Formula 1 are looking for ways to alter the Sprint race weekend format, after complaints about the entertainment value of the Saturday race.
In the run-up to the third Sprint race of the season, drivers have been voicing their concerns about the entertainment value of the additional event.
In the current weekend format for Sprint races, the usual qualifying hour takes place on a Friday, which determines the grid for Saturday's Sprint.
The finishing order for the Sprint then dictates the starting grid for the main Grand Prix, which still takes place on Sunday.
Drivers have complained that the current format creates cautious races, where drivers will prioritise finishing the Sprint rather than pushing for extra places, in order to not lose places on the grid for Sunday's race.
RacingNews365 understands that Formula 1 is looking into ways it can amend the format to make the Sprint a standalone event, rather than linked to Sunday's Grand Prix.
At this stage, any changes for 2023 would require a super majority vote by the Formula 1 Commission and require ratification from the FIA's World Motor Sport Council.
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Verstappen: Sprints are too cautious
With the number of Sprints increasing from three to six for 2023, F1 have increased incentive to find a format that can please fans and drivers.
At the previous race in Mexico, both Max Verstappen and Lando Norris were public in their criticisms of the Sprint races.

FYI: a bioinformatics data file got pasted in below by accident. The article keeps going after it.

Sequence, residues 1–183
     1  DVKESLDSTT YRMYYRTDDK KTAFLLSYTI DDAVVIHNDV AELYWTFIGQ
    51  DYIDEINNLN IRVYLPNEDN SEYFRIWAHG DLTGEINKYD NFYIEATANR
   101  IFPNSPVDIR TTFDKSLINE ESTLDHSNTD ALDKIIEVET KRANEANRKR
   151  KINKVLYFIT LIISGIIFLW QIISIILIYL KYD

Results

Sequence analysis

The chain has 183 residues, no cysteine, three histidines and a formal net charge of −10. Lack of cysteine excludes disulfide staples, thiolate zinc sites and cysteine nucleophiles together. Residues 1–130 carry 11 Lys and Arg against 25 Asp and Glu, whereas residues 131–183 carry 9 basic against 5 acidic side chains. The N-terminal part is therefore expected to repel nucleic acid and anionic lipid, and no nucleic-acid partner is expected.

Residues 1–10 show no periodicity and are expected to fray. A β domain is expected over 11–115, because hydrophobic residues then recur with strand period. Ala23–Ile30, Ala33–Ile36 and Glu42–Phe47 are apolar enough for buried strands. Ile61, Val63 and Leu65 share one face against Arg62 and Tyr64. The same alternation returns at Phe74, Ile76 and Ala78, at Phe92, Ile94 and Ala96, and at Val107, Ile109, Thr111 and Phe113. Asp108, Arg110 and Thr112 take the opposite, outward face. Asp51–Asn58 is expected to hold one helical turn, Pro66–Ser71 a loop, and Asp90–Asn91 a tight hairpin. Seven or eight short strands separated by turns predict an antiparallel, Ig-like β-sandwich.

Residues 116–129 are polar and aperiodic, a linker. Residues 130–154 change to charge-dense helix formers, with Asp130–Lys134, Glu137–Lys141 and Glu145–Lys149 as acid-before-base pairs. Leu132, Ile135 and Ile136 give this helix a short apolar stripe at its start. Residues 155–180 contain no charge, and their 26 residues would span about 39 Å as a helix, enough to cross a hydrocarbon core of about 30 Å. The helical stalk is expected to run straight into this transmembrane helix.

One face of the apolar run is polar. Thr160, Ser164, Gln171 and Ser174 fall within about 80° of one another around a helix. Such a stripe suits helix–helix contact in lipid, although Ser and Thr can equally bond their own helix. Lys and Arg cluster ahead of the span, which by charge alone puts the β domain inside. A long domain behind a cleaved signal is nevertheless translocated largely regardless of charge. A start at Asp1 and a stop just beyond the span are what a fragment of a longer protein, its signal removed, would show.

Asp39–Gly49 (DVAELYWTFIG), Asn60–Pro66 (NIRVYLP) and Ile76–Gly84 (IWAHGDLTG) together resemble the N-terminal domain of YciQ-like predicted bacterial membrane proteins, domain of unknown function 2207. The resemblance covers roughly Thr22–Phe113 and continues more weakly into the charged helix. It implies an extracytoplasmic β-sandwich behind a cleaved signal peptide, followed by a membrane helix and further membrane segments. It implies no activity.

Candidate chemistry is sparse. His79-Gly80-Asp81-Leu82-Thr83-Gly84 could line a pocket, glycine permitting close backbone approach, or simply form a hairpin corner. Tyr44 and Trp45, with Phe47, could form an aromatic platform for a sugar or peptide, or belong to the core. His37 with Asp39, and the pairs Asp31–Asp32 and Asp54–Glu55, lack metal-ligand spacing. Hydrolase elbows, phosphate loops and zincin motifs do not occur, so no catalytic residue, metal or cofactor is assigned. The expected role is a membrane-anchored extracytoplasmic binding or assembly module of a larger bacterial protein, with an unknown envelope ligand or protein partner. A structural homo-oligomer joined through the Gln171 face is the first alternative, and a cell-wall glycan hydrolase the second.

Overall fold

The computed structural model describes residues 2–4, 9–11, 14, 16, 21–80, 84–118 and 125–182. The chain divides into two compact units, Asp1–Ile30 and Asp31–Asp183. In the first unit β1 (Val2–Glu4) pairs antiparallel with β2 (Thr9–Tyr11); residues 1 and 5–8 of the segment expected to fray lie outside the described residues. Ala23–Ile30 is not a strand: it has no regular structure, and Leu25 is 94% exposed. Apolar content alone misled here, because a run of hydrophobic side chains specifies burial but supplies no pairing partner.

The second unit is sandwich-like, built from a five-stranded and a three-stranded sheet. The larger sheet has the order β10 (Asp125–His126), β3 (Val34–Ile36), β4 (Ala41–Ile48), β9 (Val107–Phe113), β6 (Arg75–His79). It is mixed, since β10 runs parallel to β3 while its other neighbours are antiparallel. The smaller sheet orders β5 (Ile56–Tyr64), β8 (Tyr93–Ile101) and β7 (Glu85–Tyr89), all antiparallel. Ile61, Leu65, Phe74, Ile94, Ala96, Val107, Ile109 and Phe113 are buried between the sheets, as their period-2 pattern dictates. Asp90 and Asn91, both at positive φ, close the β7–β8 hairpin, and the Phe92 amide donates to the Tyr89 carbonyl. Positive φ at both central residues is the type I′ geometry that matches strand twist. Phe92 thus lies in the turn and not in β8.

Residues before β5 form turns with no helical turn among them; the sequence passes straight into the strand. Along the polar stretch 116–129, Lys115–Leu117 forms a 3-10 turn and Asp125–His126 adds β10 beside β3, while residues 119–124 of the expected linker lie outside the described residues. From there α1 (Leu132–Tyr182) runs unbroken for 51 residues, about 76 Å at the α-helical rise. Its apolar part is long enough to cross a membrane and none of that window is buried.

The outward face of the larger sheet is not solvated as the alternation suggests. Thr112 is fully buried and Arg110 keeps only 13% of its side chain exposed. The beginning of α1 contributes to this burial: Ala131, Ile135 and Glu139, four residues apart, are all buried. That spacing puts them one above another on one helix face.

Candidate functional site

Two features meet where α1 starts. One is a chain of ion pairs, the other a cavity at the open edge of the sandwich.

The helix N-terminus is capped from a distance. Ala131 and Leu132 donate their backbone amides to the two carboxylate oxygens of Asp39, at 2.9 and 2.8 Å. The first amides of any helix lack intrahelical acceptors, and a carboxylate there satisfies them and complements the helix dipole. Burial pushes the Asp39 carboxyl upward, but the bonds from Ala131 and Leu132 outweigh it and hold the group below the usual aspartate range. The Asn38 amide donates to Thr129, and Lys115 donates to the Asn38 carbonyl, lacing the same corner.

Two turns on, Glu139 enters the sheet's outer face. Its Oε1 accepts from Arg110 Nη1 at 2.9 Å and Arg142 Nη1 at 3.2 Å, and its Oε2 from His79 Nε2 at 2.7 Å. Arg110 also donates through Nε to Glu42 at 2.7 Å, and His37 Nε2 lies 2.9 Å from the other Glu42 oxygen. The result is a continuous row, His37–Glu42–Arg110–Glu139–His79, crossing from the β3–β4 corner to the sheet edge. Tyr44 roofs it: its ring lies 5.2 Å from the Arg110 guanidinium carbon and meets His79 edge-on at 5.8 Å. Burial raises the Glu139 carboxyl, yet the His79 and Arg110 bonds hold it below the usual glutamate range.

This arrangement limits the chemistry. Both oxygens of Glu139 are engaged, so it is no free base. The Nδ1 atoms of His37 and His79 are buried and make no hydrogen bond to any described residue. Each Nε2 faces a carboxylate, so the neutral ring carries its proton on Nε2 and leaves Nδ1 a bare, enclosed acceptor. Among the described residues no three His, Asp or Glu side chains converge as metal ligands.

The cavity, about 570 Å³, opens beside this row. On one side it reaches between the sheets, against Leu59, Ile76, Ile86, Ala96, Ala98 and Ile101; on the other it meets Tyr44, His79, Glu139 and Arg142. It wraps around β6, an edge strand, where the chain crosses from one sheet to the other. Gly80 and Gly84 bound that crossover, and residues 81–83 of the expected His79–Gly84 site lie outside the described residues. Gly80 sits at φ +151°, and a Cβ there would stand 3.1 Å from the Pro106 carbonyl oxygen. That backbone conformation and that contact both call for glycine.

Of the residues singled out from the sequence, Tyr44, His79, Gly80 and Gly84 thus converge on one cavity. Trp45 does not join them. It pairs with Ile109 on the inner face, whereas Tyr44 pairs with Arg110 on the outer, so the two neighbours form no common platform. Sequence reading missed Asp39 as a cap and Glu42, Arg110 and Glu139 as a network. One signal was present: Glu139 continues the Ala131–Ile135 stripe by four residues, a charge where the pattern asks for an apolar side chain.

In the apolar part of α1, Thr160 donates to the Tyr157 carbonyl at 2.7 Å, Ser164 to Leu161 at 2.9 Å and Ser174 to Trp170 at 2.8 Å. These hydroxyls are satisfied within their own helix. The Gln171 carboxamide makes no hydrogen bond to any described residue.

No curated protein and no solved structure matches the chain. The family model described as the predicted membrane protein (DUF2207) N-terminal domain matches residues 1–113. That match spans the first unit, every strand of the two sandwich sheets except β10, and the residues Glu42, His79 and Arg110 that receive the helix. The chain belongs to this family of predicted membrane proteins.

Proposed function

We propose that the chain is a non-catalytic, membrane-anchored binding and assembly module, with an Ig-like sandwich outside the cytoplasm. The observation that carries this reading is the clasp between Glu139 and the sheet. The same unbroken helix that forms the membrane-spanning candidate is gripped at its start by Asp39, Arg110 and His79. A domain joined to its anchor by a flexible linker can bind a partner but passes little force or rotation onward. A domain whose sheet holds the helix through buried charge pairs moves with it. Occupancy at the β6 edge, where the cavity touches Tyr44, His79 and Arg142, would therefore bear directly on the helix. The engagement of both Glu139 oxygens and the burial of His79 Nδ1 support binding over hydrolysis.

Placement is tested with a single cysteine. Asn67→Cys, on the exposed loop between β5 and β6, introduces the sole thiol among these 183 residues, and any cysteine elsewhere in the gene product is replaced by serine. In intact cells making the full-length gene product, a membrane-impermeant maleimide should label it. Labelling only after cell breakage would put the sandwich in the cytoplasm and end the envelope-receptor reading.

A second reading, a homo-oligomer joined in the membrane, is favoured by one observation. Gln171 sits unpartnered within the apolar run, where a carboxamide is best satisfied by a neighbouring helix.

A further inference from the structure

Similarly, Verstappen renewed his scepticism of the Sprint events in Brazil, suggesting that drivers generally erred on the side of caution.
There have been two Sprints so far this season, taking place during the Emilia Romagna and Austrian Grands Prix.
Both events have been won by Verstappen, but the majority of the action has come from front-runners who have qualified poorly.
In Imola, Red Bull's Sergio Perez and Ferrari's Carlos Sainz recovered from lower grid spots to finish third and fourth respectively, with Perez completing a similar recovery to fifth place at the Austrian Sprint.
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At the Mexico City Grand Prix, McLaren became the first team to complete a sub-two second pit-stop since the introduction of the new F1 pit-stop regulations, changing all four tyres on Daniel Ricciardo's car in 1.98 seconds.
So how did the team do this, and what changes have been made to F1's pit-stop procedure in the last couple of years?